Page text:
Diabetes mellitus is commonly associated with systolic/diastolic hypertension, and a wealth of epidemiological data suggest that this association is independent of age and obesity. Much evidence indicates that the link between diabetes and essential hypertension is hyperinsulinemia. Thus, when hypertensive patients, whether obese or of normal body weight, are compared with age- and weight-matched normotensive control subjects, a heightened plasma insulin response to a glucose challenge is consistently found. A state of cellular resistance to insulin action subtends the observed hyperinsulinism. With the insulin/glucose-clamp technique, in combination with tracer glucose infusion and indirect calorimetry, it has been demonstrated that the insulin resistance of essential hypertension is located in peripheral tissues (muscle), is limited to nonoxidative pathways of glucose disposal (glycogen synthesis), and correlates directly with the severity of hypertension. The reasons for the association of insulin resistance and essential hypertension can be sought in at least four general types of mechanisms: Na+ retention, sympathetic nervous system overactivity, disturbed membrane ion transport, and proliferation of vascular smooth muscle cells. Physiological maneuvers, such as calorie restriction (in the overweight patient) and regular physical exercise, can improve tissue sensitivity to insulin; evidence indicates that these maneuvers can also lower blood pressure in both normotensive and hypertensive individuals. Insulin resistance and hyperinsulinemia are also associated with an atherogenic plasma lipid profile. Elevated plasma insulin concentrations enhance very-low-density lipoprotein (VLDL) synthesis, leading to hypertriglyceridemia. Progressive elimination of lipid and apolipoproteins from the VLDL particle leads to an increased formation of intermediate-density and low-density lipoproteins, both of which are atherogenic. Last, insulin, independent of its effects on blood pressure and plasma lipids, is known to be atherogenic. The hormone enhances cholesterol transport into arteriolar smooth muscle cells and increases endogenous lipid synthesis by these cells. Insulin also stimulates the proliferation of arteriolar smooth muscle cells, augments collagen synthesis in the vascular wall, increases the formation of and decreases the regression of lipid plaques, and stimulates the production of various growth factors. In summary, insulin resistance appears to be a syndrome that is associated with a clustering of metabolic disorders, including non-insulin-dependent diabetes mellitus, obesity, hypertension, lipid abnormalities, and atherosclerotic cardiovascular disease.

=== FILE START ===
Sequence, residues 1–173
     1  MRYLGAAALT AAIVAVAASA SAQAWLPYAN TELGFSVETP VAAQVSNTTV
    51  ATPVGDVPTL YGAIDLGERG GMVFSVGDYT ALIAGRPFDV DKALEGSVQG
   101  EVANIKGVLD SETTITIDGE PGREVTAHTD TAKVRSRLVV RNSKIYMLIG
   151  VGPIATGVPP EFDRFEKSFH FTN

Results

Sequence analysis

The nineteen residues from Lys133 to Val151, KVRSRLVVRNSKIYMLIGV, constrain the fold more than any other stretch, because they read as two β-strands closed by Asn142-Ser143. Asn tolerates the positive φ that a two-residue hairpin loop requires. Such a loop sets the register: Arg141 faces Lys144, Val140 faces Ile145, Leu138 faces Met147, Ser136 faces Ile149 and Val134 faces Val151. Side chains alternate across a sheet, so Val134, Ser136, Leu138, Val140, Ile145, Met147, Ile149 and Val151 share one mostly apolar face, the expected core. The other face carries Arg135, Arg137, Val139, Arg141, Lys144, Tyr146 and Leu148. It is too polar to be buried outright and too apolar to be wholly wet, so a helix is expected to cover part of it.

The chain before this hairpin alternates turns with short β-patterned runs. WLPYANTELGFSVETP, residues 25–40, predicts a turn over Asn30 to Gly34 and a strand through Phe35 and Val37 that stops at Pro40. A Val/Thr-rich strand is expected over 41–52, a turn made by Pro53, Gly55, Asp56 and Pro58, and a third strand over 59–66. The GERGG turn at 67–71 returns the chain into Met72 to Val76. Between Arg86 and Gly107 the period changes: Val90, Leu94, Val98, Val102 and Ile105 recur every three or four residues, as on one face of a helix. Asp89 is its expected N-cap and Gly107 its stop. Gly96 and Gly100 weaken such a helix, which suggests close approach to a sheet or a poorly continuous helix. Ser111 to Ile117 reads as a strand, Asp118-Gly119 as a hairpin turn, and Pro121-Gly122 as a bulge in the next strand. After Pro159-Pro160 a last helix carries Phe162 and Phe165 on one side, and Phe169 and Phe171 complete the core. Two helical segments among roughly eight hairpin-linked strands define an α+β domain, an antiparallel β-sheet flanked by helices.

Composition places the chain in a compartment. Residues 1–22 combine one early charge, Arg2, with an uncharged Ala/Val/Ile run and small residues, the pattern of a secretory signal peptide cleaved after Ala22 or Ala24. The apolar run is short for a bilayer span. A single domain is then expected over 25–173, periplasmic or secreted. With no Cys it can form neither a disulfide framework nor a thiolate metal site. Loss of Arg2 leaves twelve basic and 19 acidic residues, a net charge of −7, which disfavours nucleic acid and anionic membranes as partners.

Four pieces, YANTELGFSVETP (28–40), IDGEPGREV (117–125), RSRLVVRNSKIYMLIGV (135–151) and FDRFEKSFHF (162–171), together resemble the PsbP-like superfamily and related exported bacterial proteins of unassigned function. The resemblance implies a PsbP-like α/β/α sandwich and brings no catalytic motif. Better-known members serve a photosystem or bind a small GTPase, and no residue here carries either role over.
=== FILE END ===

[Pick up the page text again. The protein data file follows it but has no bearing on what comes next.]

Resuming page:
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              Free fatty acid-induced insulin resistance is associated with activation of protein kinase C theta and alterations in the insulin signaling cascade.